This is something we have been working on for about a year now. I am going to write a formal article about the idea we've been developing with my buddy Payson Muller in York, so I don't want to get too far into details right now before we've got it all strait, but here is a little summary.
We have come to believe, as a result of research, that many fencers were also members of the craft Guilds. The craft Guilds used this system wherein, while learning a trade, you go through the steps of apprentice, journeyman, and finally master. This tradition actually continued in much of continental Europe right up to this very day in certain industries. For example, stone-masons and carpenters in German-speaking Europe (esp. Germany and Switzerland) and in France, do the 'journeyman years' as part of their Guild training.http://en.wikipedia.org/wiki/Journeyman_years
This has been recognized as having a major benefit for skilled labor in the economies of these places, to the point that England is now looking into reviving the practice as wellhttp://nds.coi.gov.uk/content/Detail.as ... wsAreaID=2
With regard to HEMA, we believe even a limited implementation of the old practice will have great benefits. Travelling to another club and training with other people will help with the cross-pollonization which has clearly been so beneficial to our process of learning from these old books. We also think it is a useful compliment to the growing tournament scene since it will help foster humility and friendly sense of fraternity and brotherhood between groups.
Real journeymen go on the road for a fixed period of time, usually 1-3 years, during which they have to stay away from home (usually more than 50km) and have to follow various other rules like not using public transportation, and working for their lodging and so on. We aren't all quite ready to jump into it that hard-core yet but we do believe ultimately, in the long run, this could be something cool for young people to do in the HEMA wold as well at some point.
Right now we are adopting a few of the traditions of the real journeymen, who in turn follow the old medieval traditions to a large extent. Each journeyman should have a wanderbuch, which should be stamped by the school visiting, and the "Master" (or in our case, just an instructor) of the club should write in this book before the journeyman leaves, evaluating his visit and giving advice on his training. The journeyman is not supposed to read the book until he is at least 50 miles away from the school he stayed with. The journeyman himself will also take notes in the wanderbuch.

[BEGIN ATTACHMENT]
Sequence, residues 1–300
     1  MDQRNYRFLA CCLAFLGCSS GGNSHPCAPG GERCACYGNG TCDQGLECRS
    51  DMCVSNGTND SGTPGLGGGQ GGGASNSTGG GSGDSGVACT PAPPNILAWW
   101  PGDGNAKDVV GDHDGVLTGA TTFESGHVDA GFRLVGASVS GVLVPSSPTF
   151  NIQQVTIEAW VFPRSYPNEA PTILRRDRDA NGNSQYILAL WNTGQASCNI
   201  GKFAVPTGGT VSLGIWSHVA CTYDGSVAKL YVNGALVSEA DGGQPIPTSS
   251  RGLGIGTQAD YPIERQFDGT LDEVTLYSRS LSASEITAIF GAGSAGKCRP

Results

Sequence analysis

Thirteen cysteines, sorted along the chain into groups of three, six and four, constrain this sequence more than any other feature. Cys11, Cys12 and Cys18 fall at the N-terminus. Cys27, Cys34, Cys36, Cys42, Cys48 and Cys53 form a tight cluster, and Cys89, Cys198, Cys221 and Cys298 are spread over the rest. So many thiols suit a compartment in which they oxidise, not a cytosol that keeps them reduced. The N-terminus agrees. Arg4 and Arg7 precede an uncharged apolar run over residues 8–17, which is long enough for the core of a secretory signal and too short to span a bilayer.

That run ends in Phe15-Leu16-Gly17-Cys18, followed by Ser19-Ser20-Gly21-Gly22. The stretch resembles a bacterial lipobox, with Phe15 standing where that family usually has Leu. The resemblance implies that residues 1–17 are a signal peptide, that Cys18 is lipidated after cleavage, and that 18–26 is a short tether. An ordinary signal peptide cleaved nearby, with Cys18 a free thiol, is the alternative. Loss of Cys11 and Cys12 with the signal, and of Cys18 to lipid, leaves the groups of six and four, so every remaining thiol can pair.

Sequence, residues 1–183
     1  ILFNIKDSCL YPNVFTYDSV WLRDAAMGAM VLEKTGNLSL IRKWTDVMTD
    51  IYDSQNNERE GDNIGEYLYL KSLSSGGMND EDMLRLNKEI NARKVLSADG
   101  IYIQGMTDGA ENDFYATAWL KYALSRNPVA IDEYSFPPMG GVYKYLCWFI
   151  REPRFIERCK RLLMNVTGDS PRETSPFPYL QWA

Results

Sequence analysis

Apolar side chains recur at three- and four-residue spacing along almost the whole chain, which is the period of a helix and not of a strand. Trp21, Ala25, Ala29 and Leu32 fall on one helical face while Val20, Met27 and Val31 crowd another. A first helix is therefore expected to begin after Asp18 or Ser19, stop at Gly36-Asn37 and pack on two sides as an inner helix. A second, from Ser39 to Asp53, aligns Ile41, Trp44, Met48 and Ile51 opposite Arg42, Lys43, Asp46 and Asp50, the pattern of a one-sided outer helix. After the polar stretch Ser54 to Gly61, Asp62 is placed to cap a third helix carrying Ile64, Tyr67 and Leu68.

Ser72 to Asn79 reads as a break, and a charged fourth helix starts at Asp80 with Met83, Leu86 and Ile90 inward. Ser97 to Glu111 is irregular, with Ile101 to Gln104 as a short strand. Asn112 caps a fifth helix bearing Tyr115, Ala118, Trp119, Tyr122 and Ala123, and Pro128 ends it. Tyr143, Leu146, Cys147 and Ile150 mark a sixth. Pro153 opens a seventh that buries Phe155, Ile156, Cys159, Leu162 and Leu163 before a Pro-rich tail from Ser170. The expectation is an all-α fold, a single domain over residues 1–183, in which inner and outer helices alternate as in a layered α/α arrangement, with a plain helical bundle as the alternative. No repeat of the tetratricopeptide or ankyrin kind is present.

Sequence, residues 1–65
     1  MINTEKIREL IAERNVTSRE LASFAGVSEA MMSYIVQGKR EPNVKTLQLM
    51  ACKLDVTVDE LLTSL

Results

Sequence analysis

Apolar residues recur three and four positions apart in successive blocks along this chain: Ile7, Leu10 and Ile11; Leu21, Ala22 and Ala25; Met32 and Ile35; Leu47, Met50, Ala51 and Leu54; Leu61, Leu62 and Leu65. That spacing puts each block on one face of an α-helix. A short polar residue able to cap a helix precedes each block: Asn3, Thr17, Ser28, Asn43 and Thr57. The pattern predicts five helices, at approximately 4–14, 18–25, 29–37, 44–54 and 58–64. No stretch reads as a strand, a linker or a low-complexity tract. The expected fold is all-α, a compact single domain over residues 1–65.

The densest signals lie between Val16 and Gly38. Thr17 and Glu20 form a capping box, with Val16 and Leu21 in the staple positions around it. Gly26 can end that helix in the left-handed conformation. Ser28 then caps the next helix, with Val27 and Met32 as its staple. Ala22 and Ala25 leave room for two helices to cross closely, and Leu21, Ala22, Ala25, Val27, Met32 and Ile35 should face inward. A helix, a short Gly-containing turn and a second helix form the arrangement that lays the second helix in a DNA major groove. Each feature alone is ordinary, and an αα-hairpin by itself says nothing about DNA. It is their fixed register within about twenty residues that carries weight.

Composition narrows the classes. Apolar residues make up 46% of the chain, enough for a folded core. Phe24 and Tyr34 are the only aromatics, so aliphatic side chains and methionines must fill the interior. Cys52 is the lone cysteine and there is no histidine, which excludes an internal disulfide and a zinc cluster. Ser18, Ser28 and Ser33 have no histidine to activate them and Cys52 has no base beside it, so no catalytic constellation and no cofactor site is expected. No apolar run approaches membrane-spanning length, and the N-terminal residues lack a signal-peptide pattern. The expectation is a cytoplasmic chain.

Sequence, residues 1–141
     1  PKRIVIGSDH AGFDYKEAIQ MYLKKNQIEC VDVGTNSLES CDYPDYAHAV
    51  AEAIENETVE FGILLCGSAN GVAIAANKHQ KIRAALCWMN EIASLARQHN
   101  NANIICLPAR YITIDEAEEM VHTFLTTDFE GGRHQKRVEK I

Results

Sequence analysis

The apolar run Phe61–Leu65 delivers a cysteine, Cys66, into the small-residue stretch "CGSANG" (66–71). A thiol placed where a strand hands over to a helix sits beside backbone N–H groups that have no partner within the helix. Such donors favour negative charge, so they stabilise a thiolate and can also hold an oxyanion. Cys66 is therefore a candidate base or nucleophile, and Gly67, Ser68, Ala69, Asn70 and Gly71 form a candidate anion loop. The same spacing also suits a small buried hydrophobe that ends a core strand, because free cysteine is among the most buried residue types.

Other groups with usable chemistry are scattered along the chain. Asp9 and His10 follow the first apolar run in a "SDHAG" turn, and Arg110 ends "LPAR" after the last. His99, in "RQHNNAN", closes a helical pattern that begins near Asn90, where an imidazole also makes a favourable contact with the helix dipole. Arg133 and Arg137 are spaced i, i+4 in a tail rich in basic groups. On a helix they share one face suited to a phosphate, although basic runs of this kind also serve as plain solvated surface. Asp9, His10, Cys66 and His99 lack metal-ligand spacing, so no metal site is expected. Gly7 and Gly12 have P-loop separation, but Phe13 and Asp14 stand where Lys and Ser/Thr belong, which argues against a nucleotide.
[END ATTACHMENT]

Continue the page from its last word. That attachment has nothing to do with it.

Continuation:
Visits should include training in the local style, and the young journeyman should also, I think train the people he or she is visiting with in techniques he or she has learned back home or in other travels.
Journeymen should not be apprentices, they should be experienced fencers, if not necessarily Masters in their own right (do we have any of those? Personally I don't think so). Each club is putting it's reputation on the line by the person they choose to send. Journeymen should follow a code of good behavior. The club being visited should provide room and board. The network of journeymen visits should be based on personal relationships between club members, on the basis of trust and respect between the clubs. The hosting club is also putting their reputation on the line that they will be a good host. I think each club should make sure they have a budget to handle the visitor and make sure that they have enough time to do a proper visit. I think our club is going to offer 3 slots per year, one fall, one spring, and one winter. Nobody should really come here in the Summer
Christians software will act as a central meeting place for this system, which we hope will continue to grow and expand. We have contacts with the real journeymen and compagnons from France and Germany, and will be gradually introducing more of the ancient practices into this system as we begin to flesh it out.
So this is the general idea anyway, at least so far.